Majority of Public Worried About NSA Surveillance

Nearly 60 percent disapprove of snooping on 'ordinary' Americans.

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(Cliff Owen/AP)
A woman talks on the phone in front of the U.S. Courthouse in Washington, D.C. where the secret Foreign Intelligence Surveillance Court resides.

The public is starting to get concerned about ongoing revelations that the federal government has undertaken a massive surveillance program that includes millions of "ordinary" Americans.

A new CBS News poll found that nearly 60 percent of Americans disapprove of the government's collecting phone records of ordinary people in its campaign to find would-be terrorists. Three-quarters approve of the government collecting the phone records of Americans suspected of actually being terrorists.

[READ: What's a Scandal and What is Not]

Fifty-seven percent said the leaks about the surveillance program would not affect the ability of the United States to prevent terrorist attacks while 30 percent said the disclosures would weaken government efforts to prevent terrorism.

Nearly six in 10 Americans said they were very concerned or somewhat concerned about losing privacy because of federal efforts to fight terrorism. But 46 percent said the government had found the right balance between privacy and security, while 36 percent said the government had gone too far.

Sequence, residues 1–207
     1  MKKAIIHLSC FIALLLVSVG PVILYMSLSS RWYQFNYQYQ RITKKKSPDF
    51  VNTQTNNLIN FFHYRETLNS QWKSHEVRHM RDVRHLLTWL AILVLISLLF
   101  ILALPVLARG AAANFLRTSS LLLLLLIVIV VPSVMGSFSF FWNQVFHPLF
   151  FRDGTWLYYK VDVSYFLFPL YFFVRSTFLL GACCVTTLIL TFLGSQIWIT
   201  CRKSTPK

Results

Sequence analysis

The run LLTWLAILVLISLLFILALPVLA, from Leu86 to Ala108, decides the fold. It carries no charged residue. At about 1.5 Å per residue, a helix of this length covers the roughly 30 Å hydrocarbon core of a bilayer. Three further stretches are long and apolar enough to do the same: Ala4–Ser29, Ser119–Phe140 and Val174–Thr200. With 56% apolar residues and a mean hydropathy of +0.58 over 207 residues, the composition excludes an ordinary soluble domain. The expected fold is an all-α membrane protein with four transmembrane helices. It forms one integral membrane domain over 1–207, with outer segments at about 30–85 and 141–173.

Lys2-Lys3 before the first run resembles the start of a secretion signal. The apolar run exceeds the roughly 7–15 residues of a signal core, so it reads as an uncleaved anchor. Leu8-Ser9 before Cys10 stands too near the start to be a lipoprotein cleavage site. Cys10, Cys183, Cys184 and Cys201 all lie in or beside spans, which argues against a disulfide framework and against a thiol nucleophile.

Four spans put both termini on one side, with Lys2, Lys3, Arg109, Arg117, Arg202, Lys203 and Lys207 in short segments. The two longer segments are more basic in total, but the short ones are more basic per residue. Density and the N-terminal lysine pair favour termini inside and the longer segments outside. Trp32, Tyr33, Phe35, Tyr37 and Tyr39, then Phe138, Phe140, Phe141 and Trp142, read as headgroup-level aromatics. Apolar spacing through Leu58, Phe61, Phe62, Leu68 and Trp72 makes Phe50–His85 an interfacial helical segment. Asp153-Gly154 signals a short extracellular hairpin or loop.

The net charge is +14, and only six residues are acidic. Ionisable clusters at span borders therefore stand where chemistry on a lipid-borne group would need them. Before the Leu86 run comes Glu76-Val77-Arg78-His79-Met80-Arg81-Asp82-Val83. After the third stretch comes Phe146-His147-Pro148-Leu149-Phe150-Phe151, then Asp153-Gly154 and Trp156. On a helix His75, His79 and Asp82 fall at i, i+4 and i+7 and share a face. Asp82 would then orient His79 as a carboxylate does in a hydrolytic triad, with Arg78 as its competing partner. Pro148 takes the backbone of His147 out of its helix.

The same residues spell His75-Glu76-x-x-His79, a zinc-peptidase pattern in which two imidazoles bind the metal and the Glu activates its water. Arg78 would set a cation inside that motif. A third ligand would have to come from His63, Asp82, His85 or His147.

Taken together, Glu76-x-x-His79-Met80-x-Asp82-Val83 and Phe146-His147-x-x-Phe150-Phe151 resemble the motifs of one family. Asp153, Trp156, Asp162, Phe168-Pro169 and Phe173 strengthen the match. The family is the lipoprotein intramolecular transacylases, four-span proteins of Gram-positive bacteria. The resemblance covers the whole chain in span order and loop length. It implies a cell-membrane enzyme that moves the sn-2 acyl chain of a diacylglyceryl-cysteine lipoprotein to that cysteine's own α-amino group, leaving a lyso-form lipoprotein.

[ALSO: Congress Enacted the NSA Laws, But Will They Change Them Now?]

Six in 10 said they were, as individuals, not very concerned or not at all concerned right now about the government collecting their phone records or monitoring their Internet use, while nearly four in 10 were somewhat or very concerned. Republicans and independents expressed more concern than Democrats.

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  • Is NSA Leaker Edward Snowden a Traitor or a Hero-Whistleblower?
  • Assange Says Snowden Should 'Go to Latin America'
  • Ken Walsh covers the White House and politics for U.S. News. He writes the daily blog "Ken Walsh's Washington" for usnews.com and "The Presidency" column for the U.S. News Weekly. He is the author of the new book "Prisoners of the White House: The Isolation of America's Presidents and the Crisis of Leadership." Ken Walsh can be reached at kwalsh@usnews.com and on Facebook and Twitter.